Saturday, January 22, 2011

What Would Gabby Do?

America is in a teaching moment. Out of the horrendous crime of the Tuscon shooting, endless lessons are being taught. One of those lessons speaks directly to the question of leadership. When the staff of Congresswoman Gabrielle Gifford tried to put the office back together, they constantly asked, “What would Gabby do?” The question comes home for every CEO of Christ-centered organizations. If we were suddenly incapacitated, how would our staff respond? Have we groomed a second in command who can function in our absence? Have we delegated with confidence so that our direct reports can proceed without serious interruption? Have we prepared our team for crisis?

In my book Stewards of a Sacred Trust, I tell the story of preparing for a three-month sabbatical from the presidency. I groomed a senior vice-president to be chief executive in my absence. I delegated responsibilities to other vice-presidents and avoided second-guessing them. But, one month into the sabbatical, an internal controversy became a public crisis. My reverie in the desert was shattered by a panic call because my staff had no answer to the question, “What would David do?” In that instant, the sabbatical ended. Later, we called in a consultant to ask what went wrong. After careful study, he likened the situation a pilot flying an airplane. “You prepared your people for a routine flight,” he said, “But you gave them no training for an emergency landing.”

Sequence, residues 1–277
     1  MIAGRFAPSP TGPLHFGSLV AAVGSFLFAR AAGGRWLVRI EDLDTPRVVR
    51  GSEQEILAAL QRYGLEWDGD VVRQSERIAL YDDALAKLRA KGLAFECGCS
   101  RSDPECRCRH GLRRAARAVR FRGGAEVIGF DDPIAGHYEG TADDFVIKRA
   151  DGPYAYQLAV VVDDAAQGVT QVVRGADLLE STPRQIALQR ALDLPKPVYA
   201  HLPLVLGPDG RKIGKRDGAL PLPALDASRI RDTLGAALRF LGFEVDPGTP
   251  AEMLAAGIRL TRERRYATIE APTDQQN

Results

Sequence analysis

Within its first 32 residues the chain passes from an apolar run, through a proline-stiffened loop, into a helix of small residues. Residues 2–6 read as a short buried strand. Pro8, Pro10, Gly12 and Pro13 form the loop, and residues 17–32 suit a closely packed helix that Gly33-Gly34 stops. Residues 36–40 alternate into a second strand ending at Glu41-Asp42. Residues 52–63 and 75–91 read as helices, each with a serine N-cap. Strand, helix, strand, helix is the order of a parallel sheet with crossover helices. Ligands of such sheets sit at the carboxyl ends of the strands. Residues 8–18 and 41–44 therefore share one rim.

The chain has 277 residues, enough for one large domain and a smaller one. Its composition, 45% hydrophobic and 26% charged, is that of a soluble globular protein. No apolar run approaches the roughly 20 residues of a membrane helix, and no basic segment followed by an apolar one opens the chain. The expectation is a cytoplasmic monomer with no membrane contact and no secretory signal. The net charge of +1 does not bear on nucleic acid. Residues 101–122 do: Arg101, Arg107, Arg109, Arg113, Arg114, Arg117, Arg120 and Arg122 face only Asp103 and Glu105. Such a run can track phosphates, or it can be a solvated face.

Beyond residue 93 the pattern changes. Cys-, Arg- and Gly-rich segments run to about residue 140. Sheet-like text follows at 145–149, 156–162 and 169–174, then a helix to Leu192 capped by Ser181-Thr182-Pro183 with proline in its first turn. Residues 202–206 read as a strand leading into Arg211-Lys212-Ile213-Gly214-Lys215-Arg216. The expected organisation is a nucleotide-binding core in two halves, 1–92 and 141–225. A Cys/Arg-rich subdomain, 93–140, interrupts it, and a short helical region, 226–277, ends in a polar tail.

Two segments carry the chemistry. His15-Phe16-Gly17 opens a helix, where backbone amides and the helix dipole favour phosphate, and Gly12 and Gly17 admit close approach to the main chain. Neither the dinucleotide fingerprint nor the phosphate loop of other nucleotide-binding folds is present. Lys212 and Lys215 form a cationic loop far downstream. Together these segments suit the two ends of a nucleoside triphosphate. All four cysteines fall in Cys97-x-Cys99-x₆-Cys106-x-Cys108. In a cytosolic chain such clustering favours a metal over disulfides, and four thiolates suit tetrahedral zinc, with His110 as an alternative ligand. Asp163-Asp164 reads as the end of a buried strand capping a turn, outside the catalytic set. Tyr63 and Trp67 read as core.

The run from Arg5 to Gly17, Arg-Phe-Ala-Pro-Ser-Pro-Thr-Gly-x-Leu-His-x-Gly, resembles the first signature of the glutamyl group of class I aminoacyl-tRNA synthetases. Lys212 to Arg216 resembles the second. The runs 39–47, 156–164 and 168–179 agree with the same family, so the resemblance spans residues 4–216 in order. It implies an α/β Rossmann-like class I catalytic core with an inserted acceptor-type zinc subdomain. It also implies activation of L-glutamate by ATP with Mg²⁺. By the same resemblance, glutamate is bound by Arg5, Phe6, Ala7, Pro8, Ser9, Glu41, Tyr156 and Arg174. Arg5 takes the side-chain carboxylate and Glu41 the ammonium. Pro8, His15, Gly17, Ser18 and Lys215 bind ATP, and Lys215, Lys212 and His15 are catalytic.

Ask yourself. Have you groomed someone to be CEO in your absence? Have you delegated with confidence to your executive team? Have you taught them how to handle crisis if you were out of the picture or unable to function? Out of tragedy, Gabby is our teacher.

Monday, January 17, 2011

Society for the Prevention of Cruelty to Lame Ducks

In the field of Christian leadership, we need a Society for the Prevention of Cruelty to Lame Ducks (SPCLD). Having gone through three transitions of leadership as a lame duck, I think that I would qualify as a charter member. Lame ducks may be leaders who have retired, resigned or been relieved of their CEO position but continue until they have filled out their term or reached the date of their departure. Lame ducks may also be interim CEO’s who continue to serve after their successor has been announced.

John the Baptist is my favorite lame duck. He teaches us almost everything we need to know about “lame-duckism.” To begin, John held the #1 position until his successor came into view. Then, swallowing his pride, he had to accept the #2 position and even introduce the new #1. Yet, in that lesser role, John remained faithful and kept doing what he was called to do even though his followers left him for the new leader. It soon became obvious that he had to get out of the way. The reality of that fact caused him to express his doubts and wonder if his life had been worthwhile. Although reaffirmed by his successor, he still came to the end of his time not knowing how history would judge his leadership.

But wait. When Jesus went across the Jordan to the place where John did his baptism, the people testified, “Though John never performed a miraculous sign, everything he said about this man was true.” Consequently, “In that place many believed in Jesus.” (John 10:41-42). Never underestimate the power of a lame duck. Even though it walks with a limp, it can still fly.